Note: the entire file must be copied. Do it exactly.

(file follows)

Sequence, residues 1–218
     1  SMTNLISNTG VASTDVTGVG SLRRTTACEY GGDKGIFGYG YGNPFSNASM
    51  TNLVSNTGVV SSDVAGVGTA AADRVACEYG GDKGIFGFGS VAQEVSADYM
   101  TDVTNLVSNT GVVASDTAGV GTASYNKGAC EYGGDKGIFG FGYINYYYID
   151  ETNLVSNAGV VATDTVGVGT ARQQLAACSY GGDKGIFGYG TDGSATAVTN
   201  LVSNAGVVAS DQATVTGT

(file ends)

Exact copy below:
Sequence, residues 1–218
     1  SMTNLISNTG VASTDVTGVG SLRRTTACEY GGDKGIFGYG YGNPFSNASM
    51  TNLVSNTGVV SSDVAGVGTA AADRVACEYG GDKGIFGFGS VAQEVSADYM
   101  TDVTNLVSNT GVVASDTAGV GTASYNKGAC EYGGDKGIFG FGYINYYYID
   151  ETNLVSNAGV VATDTVGVGT ARQQLAACSY GGDKGIFGYG TDGSATAVTN
   201  LVSNAGVVAS DQATVTGT